11 February 2019, 18:56 GMT

From Associated Press

Immigrants from Honduras and Nepal have filed a lawsuit because the Trump government has unjustly terminated a program that allows them to live and work in the United States.

The lawsuit filed with the federal court in San Francisco at the end of Sunday claims that the decision by the US Department of Homeland Security to end the so-called temporary protected status for the countries was motivated by racism.

The lawsuit, which was filed on behalf of six immigrants and two of their American-born children, also claims that the department changed the circumstances in these countries in determining whether immigrants could return there.

"We show evidence that the Trump administration repeatedly denounced non-white non-European immigrants and denounced TPS indications with the aim of removing these non-white non-European immigrants from the United States," said Minju Cho, a staff attorney at Asian Americans promoting Justice in Los Angeles.

The group is one of the representatives of the immigrant prosecutors, who live in California, Minnesota, Maryland, Virginia and Connecticut.

A message seeking comment remained behind for the Department of Homeland Security.

The lawsuit is the latest in a series of lawsuits challenging the decision of the Trump government to end the program for a cluster of countries whose citizens have lived and worked legally in the United States for years.

Last year, a federal judge in San Francisco temporarily blocked the US government to stop the program for immigrants from El Salvador, Haiti, Nicaragua and Sudan. The suit that was filed on behalf of the citizens of those countries, in addition to this, quoted the vulgar language of Trump during a meeting last year to describe African countries.

The US government grants temporary protected status, also known as TPS, to citizens of countries plagued by natural disasters or war, so that they can stay and work legally in the United States until the situation improves.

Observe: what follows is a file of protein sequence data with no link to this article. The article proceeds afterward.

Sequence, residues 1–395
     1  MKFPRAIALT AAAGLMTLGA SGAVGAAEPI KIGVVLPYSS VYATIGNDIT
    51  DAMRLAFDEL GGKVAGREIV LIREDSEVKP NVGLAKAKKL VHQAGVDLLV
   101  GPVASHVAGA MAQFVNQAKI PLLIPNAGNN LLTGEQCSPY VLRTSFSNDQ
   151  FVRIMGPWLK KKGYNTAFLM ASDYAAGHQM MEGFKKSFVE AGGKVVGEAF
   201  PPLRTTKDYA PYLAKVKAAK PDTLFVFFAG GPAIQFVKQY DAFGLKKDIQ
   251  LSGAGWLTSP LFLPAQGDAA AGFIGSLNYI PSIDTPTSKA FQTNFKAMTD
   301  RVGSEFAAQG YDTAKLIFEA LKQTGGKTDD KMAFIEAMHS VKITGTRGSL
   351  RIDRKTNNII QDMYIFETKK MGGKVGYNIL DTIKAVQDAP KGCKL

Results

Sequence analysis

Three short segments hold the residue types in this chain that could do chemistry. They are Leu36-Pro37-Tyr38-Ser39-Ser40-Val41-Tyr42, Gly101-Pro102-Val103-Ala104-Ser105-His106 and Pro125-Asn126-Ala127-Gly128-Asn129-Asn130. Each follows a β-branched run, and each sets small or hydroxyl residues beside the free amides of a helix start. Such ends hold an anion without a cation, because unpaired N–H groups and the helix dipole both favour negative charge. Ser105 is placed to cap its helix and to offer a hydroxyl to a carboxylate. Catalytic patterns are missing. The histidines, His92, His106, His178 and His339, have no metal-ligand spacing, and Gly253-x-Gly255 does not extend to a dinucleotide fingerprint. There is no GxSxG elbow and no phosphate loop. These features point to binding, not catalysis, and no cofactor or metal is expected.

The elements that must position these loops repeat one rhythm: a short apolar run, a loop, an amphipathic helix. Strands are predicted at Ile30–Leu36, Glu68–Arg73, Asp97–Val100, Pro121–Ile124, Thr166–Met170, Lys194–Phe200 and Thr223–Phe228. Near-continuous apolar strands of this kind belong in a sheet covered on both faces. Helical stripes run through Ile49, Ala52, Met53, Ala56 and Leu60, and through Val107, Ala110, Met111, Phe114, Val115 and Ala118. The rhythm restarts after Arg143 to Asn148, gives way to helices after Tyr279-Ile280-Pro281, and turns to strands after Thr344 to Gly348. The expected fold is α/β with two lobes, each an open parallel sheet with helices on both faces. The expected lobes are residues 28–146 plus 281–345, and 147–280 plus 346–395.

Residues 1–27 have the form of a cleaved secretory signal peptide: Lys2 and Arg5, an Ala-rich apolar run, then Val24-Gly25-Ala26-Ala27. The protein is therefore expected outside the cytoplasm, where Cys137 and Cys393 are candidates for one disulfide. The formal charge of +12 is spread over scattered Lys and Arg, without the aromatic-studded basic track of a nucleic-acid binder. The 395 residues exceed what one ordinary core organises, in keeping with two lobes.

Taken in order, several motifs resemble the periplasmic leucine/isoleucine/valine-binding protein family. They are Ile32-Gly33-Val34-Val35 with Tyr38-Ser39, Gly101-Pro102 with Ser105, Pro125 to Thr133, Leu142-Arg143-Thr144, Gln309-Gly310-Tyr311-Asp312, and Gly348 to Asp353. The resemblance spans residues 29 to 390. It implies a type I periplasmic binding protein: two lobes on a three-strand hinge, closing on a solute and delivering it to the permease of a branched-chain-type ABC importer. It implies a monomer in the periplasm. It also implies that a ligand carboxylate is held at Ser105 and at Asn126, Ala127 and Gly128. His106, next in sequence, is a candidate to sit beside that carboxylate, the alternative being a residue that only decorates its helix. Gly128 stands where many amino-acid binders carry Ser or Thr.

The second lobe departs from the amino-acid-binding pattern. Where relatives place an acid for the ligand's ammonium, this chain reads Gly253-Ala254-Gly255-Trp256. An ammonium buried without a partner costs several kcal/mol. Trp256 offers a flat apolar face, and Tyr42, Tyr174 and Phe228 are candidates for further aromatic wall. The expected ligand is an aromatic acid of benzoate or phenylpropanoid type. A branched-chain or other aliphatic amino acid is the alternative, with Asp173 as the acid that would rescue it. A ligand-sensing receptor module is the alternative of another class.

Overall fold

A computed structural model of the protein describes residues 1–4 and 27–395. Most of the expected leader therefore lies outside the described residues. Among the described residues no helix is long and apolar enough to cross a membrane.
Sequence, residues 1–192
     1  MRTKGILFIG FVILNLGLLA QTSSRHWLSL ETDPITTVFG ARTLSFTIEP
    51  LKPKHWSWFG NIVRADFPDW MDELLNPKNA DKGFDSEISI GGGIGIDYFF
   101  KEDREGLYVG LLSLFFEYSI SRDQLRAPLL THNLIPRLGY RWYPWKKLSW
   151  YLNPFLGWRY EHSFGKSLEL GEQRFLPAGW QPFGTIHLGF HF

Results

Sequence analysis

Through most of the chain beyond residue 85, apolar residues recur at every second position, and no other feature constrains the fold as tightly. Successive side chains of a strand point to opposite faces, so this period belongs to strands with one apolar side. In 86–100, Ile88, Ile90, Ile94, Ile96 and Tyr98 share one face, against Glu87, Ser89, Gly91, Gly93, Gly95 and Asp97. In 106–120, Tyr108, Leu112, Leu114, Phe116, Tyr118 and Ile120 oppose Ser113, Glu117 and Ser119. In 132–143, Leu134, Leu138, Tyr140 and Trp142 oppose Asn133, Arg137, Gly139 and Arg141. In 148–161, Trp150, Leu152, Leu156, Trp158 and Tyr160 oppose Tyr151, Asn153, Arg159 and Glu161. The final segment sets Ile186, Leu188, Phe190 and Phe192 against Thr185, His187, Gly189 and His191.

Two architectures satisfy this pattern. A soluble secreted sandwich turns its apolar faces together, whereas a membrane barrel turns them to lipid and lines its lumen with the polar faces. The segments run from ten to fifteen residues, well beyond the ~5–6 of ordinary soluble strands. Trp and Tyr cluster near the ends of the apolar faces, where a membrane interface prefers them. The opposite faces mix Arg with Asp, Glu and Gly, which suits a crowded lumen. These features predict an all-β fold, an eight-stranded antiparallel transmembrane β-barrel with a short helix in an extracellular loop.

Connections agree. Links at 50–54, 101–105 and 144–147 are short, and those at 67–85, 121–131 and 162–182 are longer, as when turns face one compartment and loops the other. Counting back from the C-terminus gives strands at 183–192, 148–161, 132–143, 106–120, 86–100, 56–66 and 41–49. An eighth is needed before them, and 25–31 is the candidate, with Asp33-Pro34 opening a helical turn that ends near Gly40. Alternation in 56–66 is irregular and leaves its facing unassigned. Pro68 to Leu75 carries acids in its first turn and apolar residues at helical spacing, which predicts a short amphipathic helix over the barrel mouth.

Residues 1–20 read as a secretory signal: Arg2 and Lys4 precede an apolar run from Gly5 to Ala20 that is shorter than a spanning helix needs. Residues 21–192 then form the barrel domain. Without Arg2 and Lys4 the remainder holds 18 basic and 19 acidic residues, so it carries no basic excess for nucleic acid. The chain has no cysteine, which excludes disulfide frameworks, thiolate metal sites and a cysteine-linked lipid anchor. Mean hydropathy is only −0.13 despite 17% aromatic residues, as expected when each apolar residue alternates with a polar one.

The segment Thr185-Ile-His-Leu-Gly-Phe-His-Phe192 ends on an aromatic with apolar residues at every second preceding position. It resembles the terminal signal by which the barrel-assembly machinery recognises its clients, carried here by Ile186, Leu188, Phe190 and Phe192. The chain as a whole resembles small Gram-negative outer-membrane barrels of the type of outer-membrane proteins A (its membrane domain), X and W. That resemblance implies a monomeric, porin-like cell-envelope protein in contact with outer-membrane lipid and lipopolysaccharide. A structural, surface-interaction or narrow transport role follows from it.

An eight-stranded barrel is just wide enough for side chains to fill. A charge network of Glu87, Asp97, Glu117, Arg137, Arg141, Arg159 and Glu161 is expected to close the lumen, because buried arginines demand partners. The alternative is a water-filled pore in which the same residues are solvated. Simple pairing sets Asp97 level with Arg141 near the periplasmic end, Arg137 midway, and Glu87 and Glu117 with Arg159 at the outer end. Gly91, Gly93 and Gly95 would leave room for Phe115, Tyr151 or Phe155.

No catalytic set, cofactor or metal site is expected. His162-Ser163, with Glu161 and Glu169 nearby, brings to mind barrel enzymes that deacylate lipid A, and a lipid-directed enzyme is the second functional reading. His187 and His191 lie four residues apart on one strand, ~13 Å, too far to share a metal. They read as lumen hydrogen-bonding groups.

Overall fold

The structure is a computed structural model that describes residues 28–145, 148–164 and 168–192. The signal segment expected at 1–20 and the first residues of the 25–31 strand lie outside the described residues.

The status is short-term but renewable and some immigrants have been living in the country for decades, raising American-born children, buying houses and building careers.

Critics have said that the program was meant to be temporary and not extended for long.

The Trump government announced last year that the program would end for Honduras and Nepal. Honduras was appointed for the program after a devastating hurricane of 1998 and about 86,000 immigrants from the country have status, according to the lawsuit.

About 15,000 immigrants from Nepal – who were appointed after an earthquake in 2015 – are covered, said the suit.

Together these immigrants have more than 50,000 American-born children who would be affected by an end to the program, leaving those who are already in the United States staying in the country and getting a work permit, according to the suit.

One of them is the 9-year-old daughter of the Honduran citizen Donaldo Posadas Caceres, who came to the United States shortly before the hurricane in 1998. After Honduras was appointed for the program, he gained status and now works as a bridge painter and owns his home in Baltimore, Maryland.

The girl, who sits in the fourth grade, likes to count and read and has big plans for the future. "She dreams of growing up as president because she wants to help people who come here from other countries," said the suit.

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